PPAR Research / 2012 / Article / Fig 6

Review Article

Peroxisome Proliferator-Activated Receptor-γ-Mediated Polarization of Macrophages in Leishmania Infection

Figure 6

Activation of PPAR enhances parasitic infection. Mice were infected with L. donovani. One group was fed with 0.2 mL freshly prepared curcumin solution, given by oral gavage every other day throughout the course of the study. Curcumin was dissolved to a solution of 7.52 mg/mL in 0.1 N NaOH and immediately brought to pH 7.2 by diluting to a concentration of 11.1 μg/mL in PBS. The second group received phosphate buffered saline (PBS) in the same manner. At 4 weeks, the peak of hepatic infection (as shown in Figure 2), livers, and spleens were harvested for DNA and RNA extractions. PPAR and iNOS expression were determined by real-time RT-PCR and normalized to 18S RNA. Parasite load in the liver and spleen was determined by the real-time PCR procedure which was that of Nicolas and colleagues [45], except the reaction occurred in SYBR Green I PCR master mix (from Superarray). DNA, at 40 ng per reaction, was denatured at 95°C for 10 min, and then Leishmania kinetoplast DNA (kDNA) was amplified in a thermal cycler (Rotor-gene 6.0, from Corbett). The number of copies of kDNA per μg of DNA was determined using a standard curve that was established with the cloned PCR product. Filled diamonds were curcumin-treated, and clear circles were saline controls. N indicates the number of mice in each group. Statistic analysis was performed by ANOVA after the data underwent natural log transformation as described in Adapala and Chan [16]. A value of <0.05 was considered as significant.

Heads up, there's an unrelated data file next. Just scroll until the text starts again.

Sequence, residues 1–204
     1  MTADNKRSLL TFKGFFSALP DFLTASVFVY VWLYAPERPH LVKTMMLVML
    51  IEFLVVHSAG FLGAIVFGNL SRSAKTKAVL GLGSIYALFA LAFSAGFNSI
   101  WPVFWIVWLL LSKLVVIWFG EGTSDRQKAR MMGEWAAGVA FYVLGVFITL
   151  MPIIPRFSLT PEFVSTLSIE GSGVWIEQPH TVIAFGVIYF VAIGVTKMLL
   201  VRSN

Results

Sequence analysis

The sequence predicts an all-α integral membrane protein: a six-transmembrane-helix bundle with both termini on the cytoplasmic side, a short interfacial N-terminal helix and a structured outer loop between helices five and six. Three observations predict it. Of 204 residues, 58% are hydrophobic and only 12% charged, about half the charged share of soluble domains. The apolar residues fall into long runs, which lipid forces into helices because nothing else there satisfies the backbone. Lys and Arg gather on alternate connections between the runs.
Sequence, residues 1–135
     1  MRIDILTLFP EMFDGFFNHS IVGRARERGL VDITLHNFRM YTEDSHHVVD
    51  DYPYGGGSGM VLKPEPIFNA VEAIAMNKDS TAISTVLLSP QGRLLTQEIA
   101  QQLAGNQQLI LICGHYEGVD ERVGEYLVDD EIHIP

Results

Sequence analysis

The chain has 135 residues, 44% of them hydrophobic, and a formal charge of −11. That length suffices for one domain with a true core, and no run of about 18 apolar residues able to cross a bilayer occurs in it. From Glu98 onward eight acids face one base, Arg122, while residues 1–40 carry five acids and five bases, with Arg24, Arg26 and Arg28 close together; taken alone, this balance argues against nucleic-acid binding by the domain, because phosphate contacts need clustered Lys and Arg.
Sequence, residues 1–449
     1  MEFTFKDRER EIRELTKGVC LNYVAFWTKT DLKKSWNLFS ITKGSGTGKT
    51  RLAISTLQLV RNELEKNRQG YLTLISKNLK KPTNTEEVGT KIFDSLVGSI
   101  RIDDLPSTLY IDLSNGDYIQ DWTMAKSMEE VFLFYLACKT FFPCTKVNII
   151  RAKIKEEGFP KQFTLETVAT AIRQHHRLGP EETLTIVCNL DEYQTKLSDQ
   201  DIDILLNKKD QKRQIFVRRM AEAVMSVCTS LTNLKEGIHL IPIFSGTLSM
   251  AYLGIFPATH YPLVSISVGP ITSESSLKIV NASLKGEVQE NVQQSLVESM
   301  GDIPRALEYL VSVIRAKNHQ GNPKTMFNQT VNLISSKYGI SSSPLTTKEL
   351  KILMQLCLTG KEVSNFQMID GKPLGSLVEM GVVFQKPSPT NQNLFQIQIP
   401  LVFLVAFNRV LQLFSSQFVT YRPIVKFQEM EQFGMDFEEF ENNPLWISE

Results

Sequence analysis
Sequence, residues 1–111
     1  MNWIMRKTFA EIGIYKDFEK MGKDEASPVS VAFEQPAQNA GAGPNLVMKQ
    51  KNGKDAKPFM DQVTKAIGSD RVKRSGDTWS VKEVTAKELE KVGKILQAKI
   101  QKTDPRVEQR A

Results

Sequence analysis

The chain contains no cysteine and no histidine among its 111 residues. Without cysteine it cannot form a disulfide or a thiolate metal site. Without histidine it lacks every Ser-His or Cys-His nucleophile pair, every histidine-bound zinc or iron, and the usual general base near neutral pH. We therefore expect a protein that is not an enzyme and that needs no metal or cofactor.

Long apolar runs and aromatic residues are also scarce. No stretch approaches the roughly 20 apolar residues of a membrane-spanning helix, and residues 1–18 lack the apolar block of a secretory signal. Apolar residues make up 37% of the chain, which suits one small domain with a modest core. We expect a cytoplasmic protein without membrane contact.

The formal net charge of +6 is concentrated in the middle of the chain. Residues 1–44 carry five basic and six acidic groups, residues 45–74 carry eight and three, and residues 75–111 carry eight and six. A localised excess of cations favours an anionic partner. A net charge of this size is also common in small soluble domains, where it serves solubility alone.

(a) Liver
(b) Spleen

Article of the Year Award: Outstanding research contributions of 2020, as selected by our Chief Editors. Read the winning articles.